A "dancier" class could be very helpful (or frustrating and worse--depending on your personality). Give it a shot!

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Spankster, the real answer is that you have to do whatever you feel comfortable doing. You have to look at what you expect to get from ballet, and try to maximize that. No one can tell you what you should do.

 

Now I can be totally wrong about this, but I sense a definite lack of confidence in your ballet as you describe your situation. Ask yourself if your difficulties in ballet are real or just projected because of your inexperience.

 

You started ballet at age 32. Ballet is a skill that we learn much much better and faster when we are young. Those of us who start late struggle, perpetually it sometimes seems, as our achievements often don’t meet our expectations. That is just life. Now you can take that and be critical of yourself or depressed about the whole situation if you choose. Or you can accept it and not feel the pressure of performing to some expectation. The latter is easy to say and hard to do, but in the end leads to much more success for we older folk. Or at least I think it does.

 

I think one of the charms of ballet is that everyone, even professionals, has things they believe they need to work seriously on and with which they struggle. Seems as if few are ever really satisfied.

 

I’ve always liked being in situations where everyone else around me is better than I am. Situations like that tend to raise my ability level as I try to match my compatriots. But that’s just me. I’m selfish. I don’t give a hoot about others or whether they are better than me. I just want me to get better. So like lampwick, I would encourage trying some more difficult classes to see how you feel about them.

 

You are taking three classes a week and working on your own, for which I applauded you. Clearly you are dedicated. So be patient and keep at it, but don’t be afraid to experiment. Your intuition will guide you pretty well I think.

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Hello, courageous and conscientious Spankster!

 

My Russian ballet teacher occasionally stops class to peer at us imperially from the throne of his

corner stool and declare (in what I suspect is sometimes an artifically enhanced

accent): "Ballet is very very very easy. All you have to do is ... <blahblahblah>"

Then, in a future class, or sometimes even later in the very same class a similar pause

will ensue and he will announce: "Ballet is very very very hard. Especially ... <blahblahblah>"

 

I hate trite, cliche advice (personal note to self: "avoid cliches like the plague" -- Wm. Safire)

but in a loopy, silly, over-accented Zen sort of way it makes sense -- ballet class can and should

be really easy sometimes, and really ohmigoshwhyamIhere hard sometimes too. So at the risk

of sounding like a fortune cookie, or Yoda, or a TV shrink I'll say that it helps if you can let yourself

be in over your head sometimes, lost without a clue, and also be that gorgeous, graceful,

appealing-to-the-eye, flexible you sometimes too. In the former, you're learning even though it

doesn't feel like it, and in the latter, you're polishing the details, and appreciating them.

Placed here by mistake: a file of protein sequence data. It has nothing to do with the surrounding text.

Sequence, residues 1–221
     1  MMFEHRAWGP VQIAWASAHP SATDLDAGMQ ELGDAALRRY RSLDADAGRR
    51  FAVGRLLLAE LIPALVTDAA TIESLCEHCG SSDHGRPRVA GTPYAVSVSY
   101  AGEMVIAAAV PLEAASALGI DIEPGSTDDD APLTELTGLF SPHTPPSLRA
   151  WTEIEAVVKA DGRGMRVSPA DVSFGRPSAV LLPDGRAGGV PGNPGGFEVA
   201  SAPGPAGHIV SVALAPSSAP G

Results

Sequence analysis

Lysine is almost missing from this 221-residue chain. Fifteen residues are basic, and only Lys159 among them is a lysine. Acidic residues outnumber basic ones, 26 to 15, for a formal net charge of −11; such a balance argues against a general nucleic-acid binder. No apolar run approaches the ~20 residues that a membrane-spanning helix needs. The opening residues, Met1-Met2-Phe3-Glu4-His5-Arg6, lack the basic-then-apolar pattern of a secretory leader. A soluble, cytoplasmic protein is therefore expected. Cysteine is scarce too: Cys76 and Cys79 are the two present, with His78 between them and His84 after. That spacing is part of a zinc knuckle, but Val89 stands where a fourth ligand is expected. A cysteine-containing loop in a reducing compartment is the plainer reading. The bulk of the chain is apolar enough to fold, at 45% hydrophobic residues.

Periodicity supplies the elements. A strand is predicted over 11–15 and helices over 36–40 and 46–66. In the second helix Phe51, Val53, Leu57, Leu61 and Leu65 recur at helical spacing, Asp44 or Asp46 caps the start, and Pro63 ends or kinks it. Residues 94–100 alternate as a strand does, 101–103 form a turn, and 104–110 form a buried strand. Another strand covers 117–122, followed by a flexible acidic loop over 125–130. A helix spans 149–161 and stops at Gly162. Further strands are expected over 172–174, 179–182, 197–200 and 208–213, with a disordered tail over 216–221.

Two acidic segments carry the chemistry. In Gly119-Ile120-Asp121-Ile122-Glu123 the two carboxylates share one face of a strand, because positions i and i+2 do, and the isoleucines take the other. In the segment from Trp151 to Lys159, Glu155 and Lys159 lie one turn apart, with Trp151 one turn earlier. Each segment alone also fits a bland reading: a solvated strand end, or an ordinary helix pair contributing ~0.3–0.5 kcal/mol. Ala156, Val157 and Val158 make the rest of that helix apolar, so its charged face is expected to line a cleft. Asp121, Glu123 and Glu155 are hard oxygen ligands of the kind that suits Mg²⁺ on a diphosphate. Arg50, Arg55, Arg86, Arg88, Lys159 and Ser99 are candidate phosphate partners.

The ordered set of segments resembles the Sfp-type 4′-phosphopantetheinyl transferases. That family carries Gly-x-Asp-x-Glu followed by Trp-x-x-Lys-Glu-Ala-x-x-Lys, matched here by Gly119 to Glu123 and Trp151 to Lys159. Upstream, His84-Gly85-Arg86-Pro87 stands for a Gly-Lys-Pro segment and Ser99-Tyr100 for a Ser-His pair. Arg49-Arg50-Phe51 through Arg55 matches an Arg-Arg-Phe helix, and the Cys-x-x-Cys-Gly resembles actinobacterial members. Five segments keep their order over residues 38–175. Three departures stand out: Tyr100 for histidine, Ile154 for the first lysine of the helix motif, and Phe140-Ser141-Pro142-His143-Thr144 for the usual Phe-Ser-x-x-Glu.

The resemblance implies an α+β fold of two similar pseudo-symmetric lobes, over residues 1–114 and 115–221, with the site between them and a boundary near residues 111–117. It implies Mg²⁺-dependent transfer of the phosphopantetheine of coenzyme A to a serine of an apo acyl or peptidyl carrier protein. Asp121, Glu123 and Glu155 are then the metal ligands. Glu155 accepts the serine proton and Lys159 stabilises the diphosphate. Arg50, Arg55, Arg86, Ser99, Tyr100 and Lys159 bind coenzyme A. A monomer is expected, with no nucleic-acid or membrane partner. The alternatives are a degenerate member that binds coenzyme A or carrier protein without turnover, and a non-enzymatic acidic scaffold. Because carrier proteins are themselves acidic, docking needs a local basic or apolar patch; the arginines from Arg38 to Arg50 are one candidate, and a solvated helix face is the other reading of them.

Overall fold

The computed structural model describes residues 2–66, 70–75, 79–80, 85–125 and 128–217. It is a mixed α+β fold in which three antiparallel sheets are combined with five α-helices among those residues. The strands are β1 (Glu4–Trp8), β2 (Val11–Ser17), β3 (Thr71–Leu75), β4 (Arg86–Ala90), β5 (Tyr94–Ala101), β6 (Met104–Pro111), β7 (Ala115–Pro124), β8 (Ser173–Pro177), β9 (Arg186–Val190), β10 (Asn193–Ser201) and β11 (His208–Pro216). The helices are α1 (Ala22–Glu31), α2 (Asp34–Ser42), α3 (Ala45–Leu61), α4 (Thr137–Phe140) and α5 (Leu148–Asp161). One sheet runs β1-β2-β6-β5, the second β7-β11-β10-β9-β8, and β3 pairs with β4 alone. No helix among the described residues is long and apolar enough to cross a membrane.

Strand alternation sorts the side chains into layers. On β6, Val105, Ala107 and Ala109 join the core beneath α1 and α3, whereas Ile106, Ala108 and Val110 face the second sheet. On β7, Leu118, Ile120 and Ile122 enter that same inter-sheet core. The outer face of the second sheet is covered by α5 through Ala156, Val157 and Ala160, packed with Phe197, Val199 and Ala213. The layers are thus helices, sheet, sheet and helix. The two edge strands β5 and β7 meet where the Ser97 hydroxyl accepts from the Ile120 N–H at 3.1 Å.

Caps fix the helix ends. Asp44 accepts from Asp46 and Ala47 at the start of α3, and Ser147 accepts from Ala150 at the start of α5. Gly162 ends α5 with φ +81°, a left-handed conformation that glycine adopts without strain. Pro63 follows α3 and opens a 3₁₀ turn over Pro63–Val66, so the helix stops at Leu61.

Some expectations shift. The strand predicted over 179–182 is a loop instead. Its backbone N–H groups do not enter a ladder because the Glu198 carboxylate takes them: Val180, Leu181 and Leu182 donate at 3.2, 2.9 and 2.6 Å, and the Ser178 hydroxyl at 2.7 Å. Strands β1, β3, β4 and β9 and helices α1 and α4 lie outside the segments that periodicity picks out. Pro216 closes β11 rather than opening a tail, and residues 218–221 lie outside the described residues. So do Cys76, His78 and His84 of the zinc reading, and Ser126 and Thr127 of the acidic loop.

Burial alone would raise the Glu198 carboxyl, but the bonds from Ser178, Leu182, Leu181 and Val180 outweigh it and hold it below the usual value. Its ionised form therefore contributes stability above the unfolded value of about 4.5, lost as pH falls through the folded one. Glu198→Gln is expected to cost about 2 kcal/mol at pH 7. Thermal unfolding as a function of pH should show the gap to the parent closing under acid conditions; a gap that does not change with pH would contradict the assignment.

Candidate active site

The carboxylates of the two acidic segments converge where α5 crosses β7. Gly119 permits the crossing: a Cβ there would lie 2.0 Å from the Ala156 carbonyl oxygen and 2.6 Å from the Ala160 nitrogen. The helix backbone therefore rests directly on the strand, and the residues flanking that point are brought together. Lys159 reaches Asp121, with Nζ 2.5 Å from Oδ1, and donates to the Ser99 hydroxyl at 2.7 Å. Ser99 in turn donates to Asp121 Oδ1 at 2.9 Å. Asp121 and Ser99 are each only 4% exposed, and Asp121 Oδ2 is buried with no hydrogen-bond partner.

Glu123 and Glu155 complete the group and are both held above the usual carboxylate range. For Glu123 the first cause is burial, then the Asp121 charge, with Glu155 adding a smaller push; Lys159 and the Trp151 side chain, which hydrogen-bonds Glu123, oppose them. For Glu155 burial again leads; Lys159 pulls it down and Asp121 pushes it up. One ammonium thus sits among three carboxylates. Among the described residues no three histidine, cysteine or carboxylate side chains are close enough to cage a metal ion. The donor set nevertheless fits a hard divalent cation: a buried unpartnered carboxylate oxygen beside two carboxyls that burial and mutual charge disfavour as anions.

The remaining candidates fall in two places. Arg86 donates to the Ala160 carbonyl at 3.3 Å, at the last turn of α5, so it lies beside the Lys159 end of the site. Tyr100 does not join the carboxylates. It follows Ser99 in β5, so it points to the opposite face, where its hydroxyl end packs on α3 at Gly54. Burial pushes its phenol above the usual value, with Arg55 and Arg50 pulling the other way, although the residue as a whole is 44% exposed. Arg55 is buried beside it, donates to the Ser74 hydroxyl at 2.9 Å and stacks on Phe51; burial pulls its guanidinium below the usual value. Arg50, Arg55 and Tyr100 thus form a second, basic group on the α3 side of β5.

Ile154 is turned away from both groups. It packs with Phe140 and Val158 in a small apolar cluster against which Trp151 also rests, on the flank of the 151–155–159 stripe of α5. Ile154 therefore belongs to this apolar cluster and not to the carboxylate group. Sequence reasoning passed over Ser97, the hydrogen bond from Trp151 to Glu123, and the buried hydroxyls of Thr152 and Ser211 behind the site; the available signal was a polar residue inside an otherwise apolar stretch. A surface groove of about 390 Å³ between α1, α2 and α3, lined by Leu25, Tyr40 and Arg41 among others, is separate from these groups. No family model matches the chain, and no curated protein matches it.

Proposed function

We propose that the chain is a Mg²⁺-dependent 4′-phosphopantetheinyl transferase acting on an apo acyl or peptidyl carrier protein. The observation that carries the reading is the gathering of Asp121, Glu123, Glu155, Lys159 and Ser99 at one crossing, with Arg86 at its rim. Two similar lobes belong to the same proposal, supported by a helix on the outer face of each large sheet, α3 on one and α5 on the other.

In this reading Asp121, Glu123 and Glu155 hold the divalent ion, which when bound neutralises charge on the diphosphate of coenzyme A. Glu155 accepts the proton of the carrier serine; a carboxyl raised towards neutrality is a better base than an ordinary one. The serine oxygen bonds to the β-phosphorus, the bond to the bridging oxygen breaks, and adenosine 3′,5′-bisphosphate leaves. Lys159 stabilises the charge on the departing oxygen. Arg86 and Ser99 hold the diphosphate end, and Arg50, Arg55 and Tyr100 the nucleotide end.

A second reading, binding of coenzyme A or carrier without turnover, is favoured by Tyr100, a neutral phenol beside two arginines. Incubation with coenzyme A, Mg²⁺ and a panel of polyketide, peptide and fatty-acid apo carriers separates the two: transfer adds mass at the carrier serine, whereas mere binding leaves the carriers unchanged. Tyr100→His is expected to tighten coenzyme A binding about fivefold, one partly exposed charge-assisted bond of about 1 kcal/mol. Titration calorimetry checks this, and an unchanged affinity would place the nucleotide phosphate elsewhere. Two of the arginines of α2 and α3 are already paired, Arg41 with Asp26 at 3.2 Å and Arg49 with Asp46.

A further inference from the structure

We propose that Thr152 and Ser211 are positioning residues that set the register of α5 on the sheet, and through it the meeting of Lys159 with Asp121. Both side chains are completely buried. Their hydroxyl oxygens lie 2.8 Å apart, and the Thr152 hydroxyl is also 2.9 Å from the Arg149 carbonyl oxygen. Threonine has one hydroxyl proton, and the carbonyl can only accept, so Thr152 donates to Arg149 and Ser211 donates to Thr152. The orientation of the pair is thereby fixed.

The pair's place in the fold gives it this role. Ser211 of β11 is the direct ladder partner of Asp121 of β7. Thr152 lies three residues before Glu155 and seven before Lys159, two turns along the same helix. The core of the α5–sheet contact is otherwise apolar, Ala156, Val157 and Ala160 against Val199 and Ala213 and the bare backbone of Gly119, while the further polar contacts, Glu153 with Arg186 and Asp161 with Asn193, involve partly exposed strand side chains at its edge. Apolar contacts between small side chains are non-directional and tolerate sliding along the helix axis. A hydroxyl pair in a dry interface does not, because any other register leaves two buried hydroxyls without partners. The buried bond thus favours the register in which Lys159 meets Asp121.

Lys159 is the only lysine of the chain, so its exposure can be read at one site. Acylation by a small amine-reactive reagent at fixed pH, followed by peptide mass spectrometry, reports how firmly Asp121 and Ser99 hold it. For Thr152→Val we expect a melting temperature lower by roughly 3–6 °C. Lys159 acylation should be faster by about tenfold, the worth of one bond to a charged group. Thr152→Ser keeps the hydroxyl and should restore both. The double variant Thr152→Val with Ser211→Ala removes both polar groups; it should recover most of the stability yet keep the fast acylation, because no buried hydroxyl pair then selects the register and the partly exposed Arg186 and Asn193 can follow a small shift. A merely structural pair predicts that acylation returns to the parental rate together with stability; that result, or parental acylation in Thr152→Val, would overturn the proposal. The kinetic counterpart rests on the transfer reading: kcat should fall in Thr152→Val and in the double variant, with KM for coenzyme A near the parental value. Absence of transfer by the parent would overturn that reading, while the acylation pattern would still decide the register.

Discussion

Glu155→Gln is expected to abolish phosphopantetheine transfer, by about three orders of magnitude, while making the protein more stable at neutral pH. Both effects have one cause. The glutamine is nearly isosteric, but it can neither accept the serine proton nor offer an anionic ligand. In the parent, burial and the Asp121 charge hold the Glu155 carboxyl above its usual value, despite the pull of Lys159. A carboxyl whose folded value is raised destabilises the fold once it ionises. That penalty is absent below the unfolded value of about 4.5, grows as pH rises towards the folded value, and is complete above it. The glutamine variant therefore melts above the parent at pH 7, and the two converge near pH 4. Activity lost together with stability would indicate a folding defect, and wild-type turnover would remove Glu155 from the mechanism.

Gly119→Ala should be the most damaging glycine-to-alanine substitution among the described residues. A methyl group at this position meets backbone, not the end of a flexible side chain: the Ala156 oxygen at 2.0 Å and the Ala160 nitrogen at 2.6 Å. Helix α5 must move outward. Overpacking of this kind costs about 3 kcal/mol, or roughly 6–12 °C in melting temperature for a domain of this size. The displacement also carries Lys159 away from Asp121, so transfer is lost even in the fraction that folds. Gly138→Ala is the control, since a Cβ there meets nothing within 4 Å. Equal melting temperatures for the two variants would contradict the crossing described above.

Regarding the age thing (and this coming from a guy who started ballet in his late 30's) it

may sound trite, but I have learned that there is a childlike, youthful freedom in really, truly being

ok with making mistakes, and being awkward. Sure, we're perfectionists, and there is a time and place

for that to come out, as we track down our limitations and fix them, but it can be so liberating to

let go of expectations sometimes, too ... even within the very same class.

 

You asked for opinions; mine is that you are already an especially courageous person for

launching yourself into such a demanding, difficult, relaxing, easy hobby. Bon courage, madam!

 

:wink:

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I think one of the charms of ballet is that everyone, even professionals, has things they believe they need to work seriously on and with which they struggle. Seems as if few are ever really satisfied.

 

You have no idea how many GREAT (I mean the very best professionals) take class and frown at themselves in the mirror, or get frustrated because that triple pirouette wasn't a quad, or something along those lines.

 

So true. You're never happy. My teacher always tells us that. You'll never be satisfied, so you better learn how to fake it. :wink:

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My lovely Cechetti teacher in Sydney (don't live there any more but I sure remember her teaching in every class I do!) used to say to us - a class of mixed beginners to advanced adult dancers - that it's only when you're falling over your feet that you're learning. And as part of my job is teaching (in another area), believe me, really learning something in that "gut knowledge" way can be difficult. But when you get it, it's exhilirating!

 

Kate

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I understand your problem and have been struggling with the same things, like not being able to stand on one leg at first, and (unlike you) being extremely inflexible, as well as weak. I spent my second year flapping around in classes that were moving at the rate of the best students, and concluded that my time is better spent going at a slower pace with the teachers I trust most and trying to do the little things well, with perfect poise and orientation, because if you can do that then it actually looks right, looks like ballet. And really, I have the rest of my life to work on it (well, until arthritis sets in) so I might as well start by building proper habits and a stronger body. I'm not competing with anyone or needing to follow some child development norm here. But then I did finally get bored with classes consisting of a solid hour of barre done at Tai Chi speed, and consented to be moved up a bit, and I started going to class eight hours a week and improved a little and all was well until I hit the mid-term crunch at work/school and now I don't know what I'm going to do.